As she settles into her sister’s house, tries to place an order for a snack at a cafe and is humiliated, signs up for classes to learn English, Shashi draws me into her ordinary life, making me a part of her daily struggles with the language, her attempts to please her family, her little-big triumphs....
In the final scene of her niece’s wedding, when the rest break into a jig, it is the final test of temptation — for both of us. The soundtrack is persuasive: Ao ji ao, thumka lagao. Will she? Won’t she? Thunder Thighs and Twinkle Toes firmly wrapped away from view in a sari, she does. But only a bit. Sridevi, for her fans, might have been born to dance. But Shashi, as her husband joked, was born to make laddoos. “Meri favourite subject mein fail ho gayi toh doosre subject mein pass hone ka kya fayda?” her voice as if reached out to me with the question as Shashi decided to forego the English certificate test to make laddoos at the wedding instead.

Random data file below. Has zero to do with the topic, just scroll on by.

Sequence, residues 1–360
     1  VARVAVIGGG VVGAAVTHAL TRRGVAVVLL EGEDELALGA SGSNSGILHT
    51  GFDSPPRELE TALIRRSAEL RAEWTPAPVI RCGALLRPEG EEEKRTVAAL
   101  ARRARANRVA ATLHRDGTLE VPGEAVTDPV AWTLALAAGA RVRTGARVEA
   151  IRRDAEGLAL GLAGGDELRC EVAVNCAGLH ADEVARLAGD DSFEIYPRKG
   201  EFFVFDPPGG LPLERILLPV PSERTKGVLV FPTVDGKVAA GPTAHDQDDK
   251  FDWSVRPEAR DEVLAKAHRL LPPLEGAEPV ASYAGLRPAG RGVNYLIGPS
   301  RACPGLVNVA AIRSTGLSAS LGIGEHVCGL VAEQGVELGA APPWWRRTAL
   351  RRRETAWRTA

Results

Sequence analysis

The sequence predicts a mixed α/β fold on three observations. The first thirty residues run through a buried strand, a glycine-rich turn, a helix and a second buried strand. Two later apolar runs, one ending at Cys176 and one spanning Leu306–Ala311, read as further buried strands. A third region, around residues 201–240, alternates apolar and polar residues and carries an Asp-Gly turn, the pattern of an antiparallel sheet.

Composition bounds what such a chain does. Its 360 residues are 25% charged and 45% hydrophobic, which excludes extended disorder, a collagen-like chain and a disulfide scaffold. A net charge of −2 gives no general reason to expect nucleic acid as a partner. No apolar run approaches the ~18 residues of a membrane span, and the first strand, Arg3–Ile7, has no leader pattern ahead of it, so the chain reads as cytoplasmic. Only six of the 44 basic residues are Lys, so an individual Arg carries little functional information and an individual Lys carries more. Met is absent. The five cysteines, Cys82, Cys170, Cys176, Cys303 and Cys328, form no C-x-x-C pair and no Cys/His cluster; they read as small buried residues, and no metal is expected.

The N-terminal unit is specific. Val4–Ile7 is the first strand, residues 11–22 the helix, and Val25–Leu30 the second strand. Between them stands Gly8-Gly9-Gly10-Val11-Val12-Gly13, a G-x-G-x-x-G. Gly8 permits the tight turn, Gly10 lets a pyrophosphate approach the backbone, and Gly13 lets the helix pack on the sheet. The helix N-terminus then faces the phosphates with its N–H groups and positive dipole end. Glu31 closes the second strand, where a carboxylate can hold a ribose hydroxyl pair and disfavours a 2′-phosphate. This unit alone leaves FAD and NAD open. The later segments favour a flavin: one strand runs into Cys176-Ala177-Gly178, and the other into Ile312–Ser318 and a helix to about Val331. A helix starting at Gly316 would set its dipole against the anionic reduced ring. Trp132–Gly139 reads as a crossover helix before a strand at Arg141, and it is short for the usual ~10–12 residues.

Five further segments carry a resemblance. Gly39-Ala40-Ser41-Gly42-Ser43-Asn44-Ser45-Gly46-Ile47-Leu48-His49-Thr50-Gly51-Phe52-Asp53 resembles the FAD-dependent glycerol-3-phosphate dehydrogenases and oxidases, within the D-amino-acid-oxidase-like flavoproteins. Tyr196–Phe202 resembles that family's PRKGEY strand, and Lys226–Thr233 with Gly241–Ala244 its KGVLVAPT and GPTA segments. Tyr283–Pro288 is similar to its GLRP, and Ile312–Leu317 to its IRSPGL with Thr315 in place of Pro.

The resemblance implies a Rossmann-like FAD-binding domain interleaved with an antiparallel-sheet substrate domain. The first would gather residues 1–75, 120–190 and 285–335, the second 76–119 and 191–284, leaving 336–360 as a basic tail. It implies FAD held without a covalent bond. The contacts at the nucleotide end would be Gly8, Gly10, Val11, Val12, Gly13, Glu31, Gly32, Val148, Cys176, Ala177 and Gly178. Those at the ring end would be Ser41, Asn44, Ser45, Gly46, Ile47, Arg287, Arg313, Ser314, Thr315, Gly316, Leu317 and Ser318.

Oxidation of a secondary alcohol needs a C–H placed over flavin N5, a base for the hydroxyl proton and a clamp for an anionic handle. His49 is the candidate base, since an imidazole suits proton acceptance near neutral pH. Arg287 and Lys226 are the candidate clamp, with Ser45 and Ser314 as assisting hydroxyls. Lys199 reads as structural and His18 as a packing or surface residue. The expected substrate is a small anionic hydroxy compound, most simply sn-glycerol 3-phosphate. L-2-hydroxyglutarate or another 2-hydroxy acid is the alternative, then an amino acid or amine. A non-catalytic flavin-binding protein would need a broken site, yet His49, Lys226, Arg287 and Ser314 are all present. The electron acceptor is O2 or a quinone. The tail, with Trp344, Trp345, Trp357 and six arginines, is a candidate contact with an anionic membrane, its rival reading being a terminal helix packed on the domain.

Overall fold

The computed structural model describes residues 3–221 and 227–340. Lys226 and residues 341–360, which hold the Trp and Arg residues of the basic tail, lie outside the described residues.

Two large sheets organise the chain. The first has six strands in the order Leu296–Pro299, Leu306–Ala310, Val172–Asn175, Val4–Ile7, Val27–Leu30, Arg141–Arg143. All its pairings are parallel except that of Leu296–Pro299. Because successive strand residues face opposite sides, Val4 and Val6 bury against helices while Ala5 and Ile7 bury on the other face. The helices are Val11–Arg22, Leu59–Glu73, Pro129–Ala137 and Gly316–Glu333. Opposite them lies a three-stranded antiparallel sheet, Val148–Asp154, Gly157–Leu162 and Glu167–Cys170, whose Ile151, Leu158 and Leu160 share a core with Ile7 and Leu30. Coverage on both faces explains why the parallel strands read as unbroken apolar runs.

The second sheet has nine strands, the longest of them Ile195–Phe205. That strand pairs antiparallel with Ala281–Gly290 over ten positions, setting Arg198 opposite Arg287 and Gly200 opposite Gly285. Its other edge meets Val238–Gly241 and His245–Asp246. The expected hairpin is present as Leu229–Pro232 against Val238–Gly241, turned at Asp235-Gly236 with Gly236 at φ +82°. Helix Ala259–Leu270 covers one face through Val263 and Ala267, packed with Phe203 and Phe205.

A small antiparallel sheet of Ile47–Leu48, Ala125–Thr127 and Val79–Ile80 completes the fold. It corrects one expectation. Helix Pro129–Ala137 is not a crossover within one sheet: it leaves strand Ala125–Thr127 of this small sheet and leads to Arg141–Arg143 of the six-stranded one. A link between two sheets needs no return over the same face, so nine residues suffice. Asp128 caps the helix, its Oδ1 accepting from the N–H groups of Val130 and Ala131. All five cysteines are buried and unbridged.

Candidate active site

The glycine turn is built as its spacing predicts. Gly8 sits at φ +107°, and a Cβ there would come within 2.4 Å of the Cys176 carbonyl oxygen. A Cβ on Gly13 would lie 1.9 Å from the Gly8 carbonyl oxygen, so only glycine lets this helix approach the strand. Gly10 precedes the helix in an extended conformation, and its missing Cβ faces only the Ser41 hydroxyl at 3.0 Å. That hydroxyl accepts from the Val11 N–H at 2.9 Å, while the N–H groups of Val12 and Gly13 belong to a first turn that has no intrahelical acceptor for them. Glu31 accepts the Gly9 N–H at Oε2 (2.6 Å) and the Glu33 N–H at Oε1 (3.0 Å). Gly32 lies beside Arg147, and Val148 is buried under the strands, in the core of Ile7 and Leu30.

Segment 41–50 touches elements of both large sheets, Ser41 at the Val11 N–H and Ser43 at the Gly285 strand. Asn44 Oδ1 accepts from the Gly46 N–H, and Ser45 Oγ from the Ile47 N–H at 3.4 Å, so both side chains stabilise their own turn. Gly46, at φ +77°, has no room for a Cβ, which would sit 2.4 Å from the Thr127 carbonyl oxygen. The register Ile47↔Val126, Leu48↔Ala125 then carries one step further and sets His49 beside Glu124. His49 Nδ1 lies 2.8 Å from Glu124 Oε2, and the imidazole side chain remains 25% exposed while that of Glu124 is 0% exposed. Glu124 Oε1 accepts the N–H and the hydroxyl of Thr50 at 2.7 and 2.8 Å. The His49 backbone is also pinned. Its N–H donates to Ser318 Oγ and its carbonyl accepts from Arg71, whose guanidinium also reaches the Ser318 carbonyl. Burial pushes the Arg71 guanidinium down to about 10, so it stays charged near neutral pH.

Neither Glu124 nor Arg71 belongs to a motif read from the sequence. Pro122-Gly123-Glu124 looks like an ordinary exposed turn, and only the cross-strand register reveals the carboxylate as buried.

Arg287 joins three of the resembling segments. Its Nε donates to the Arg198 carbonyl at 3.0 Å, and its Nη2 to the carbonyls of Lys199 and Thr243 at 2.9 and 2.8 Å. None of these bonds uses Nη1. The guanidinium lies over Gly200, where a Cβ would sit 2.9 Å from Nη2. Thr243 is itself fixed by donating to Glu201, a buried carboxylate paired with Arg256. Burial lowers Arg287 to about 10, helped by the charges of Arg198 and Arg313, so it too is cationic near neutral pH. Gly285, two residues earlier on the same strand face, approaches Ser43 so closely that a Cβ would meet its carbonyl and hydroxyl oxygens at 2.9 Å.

If an actress fails in the acid test of acting, what’s the use of proving to the world that she still looked and moved like a star? Touché. Point taken.
No hero woos her in this film, with song and dance or without. The husband takes her for granted. The only whiff of romance Shashi herself nips in the bud. “Mujhe pyaar ki zaroorat nahin, zaroorat hai to thodi izzat ki,” she says of the attention from a French classmate.
When Shashi delivers the final speech in English with aplomb, Sridevi, the actress, earns that respect.
As I walk out, I realise I did not miss Sridevi, the star. Shashi has won. Was it also because along with the actor, the admirer too had come of age?